Home » Arts & Culture » Explosion of Raw Talent At Chinhoyi Art Exhibition

The Chinhoyi Art Exhibition that was hosted by Hillock Arts Foundation recently in partnership with the Ripe Fig Coffee Shop exposed untapped talent that is abound, especially among youths. The exhibition, which was also a cultural exchange platform, was attended by mostly upcoming artists, who showcased a lot of thought-provoking art.

While there was no specific theme for the exhibition, what was prominent was the rural African lifestyle that was being portrayed.

Artworks ranged from two to three-dimensional and were made of various raw materials. Among the outstanding work was that of Chinhoyi University graduate Dominic Mutema.

The multi-talented visual artist presented interesting pieces such as one that provoked the topic of polygamy.

In a painting of an African man going to the fields with his two wives, both pregnant and holding same-aged children, which depicts the lifestyle of polygamists.

Just like all his other paintings, Mutema said the artwork “Barika” was inspired by the society that he grew up in.

“These are some of the things that I was exposed to, especially in my rural home of Mhangura. It is entitled ‘Barika’ and shows competition and scramble for supremacy by women who are married to one man.

“There are a lot of interesting stories that I got to find out about their lifestyles and the painting portrays a tip of the iceberg,” he said.

The artist said he had extended his artistry to fashion and graphic designing, among other disciplines.

His other noticeable piece was that of a young ostrich that was made of scrap metal from a wheelbarrow.

Other forms of creative art came in the from contemporary bead jewellery by beads artists. The duo proved that art could be incorporated in our day-to-day lives to make lives beautiful.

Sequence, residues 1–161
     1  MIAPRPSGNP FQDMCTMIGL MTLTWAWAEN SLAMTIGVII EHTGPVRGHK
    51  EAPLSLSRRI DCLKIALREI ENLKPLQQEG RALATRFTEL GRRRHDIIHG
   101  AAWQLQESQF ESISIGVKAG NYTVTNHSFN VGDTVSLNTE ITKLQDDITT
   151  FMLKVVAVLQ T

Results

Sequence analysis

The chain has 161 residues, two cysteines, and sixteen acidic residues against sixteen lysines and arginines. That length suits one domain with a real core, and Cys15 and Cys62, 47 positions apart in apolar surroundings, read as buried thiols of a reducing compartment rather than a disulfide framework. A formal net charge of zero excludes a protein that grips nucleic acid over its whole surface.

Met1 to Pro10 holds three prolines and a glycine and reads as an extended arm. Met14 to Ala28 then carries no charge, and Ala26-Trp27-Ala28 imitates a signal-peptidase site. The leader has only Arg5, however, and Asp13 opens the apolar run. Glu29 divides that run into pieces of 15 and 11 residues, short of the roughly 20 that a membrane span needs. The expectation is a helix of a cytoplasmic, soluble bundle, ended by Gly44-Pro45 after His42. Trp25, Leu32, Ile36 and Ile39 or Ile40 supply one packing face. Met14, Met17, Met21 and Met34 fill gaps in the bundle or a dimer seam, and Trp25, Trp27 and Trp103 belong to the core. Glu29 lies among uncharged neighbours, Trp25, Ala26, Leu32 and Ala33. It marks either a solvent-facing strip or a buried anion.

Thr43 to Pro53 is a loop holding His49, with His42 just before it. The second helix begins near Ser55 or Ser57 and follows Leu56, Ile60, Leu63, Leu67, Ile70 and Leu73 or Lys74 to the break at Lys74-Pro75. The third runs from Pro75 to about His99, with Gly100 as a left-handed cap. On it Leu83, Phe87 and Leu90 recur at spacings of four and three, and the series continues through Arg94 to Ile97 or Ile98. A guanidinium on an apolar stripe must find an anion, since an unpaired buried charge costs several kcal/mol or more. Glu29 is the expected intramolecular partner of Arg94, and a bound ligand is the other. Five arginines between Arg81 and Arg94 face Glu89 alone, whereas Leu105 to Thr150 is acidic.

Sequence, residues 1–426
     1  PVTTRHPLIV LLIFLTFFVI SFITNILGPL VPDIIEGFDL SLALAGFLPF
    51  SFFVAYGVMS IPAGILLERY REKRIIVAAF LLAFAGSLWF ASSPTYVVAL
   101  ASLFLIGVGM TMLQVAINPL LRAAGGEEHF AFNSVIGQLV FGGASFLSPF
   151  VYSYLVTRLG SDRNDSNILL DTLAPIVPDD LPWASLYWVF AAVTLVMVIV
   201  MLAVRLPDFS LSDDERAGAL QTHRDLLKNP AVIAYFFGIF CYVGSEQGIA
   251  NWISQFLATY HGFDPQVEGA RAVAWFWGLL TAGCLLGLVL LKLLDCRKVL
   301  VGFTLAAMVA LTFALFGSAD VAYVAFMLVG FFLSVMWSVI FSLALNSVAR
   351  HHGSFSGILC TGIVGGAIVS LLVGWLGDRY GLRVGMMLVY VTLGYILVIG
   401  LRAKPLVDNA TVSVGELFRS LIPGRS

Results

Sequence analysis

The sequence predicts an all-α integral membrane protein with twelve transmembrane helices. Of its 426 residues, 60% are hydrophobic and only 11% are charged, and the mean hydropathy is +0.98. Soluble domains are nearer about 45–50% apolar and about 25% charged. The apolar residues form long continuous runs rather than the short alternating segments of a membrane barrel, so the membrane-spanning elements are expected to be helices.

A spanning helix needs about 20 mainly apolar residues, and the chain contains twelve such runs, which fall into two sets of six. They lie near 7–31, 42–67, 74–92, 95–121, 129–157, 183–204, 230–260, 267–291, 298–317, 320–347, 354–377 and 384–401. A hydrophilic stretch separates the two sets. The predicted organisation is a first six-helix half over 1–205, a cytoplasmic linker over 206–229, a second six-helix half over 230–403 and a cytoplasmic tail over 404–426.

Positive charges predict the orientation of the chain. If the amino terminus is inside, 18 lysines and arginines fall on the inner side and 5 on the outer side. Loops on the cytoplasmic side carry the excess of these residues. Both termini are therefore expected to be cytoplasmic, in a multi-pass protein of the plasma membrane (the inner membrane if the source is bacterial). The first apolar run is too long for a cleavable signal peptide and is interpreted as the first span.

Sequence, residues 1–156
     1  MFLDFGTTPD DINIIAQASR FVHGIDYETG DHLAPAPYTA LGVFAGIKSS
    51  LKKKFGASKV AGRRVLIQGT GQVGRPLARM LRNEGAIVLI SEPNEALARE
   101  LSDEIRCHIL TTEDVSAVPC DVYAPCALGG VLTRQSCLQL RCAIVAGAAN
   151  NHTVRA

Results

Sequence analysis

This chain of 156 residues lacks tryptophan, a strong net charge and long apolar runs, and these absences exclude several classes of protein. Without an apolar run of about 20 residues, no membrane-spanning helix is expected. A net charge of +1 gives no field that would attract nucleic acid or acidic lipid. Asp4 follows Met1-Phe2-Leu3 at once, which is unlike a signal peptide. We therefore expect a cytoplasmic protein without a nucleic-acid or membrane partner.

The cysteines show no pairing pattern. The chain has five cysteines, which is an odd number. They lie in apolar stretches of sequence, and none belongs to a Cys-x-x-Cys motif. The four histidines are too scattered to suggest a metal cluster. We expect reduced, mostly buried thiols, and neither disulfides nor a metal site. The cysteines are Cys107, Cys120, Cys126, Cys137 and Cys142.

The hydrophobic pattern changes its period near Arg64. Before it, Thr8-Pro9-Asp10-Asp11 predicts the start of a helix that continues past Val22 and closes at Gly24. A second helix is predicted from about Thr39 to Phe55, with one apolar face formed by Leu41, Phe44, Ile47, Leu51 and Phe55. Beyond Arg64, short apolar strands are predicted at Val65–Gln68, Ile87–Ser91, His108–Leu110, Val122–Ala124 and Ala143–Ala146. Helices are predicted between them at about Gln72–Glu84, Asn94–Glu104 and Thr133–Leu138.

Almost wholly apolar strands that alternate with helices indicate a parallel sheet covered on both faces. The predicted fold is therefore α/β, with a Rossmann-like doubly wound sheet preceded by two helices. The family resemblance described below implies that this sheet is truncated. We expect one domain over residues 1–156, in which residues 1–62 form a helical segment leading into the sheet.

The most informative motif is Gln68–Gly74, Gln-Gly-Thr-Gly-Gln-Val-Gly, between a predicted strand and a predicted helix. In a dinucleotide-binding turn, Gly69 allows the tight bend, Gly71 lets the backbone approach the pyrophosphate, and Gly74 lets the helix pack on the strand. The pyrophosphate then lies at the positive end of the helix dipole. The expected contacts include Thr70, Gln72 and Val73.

Themba Mapondera, on the other hand, took creativity to another level when he showcased beautiful craft made out of cattle horns. The fine artist made various birds like the stock, eagle and sea birds.

“I started this when I was in Chiweshe upon seeing my brother, who was a specialist in our rural home. I have managed to perfect it, selling to customers in South Africa, Japan and the United states,” he said.

Another exhibitor, Dion Mukamba from Mvurwi, also explored the rich culture of various native African tribes like the Maasai and the Himba people.

While he also depicted the local culture, he said he was mostly inspired by the rich tribes, most of whom have stayed true to their roots even in the 21st century where technology has seen them eroded.

“I do a lot of research into these fascinating lifestyles and I use my paintings to share it with people,” he said.

The youngest of the exhibitors was a four-year-old self-taught artist.

Speaking during the event, artistic director of Hillock Arts Foundation Raphael Jamu said artists should not be discouraged.

Source : The Herald

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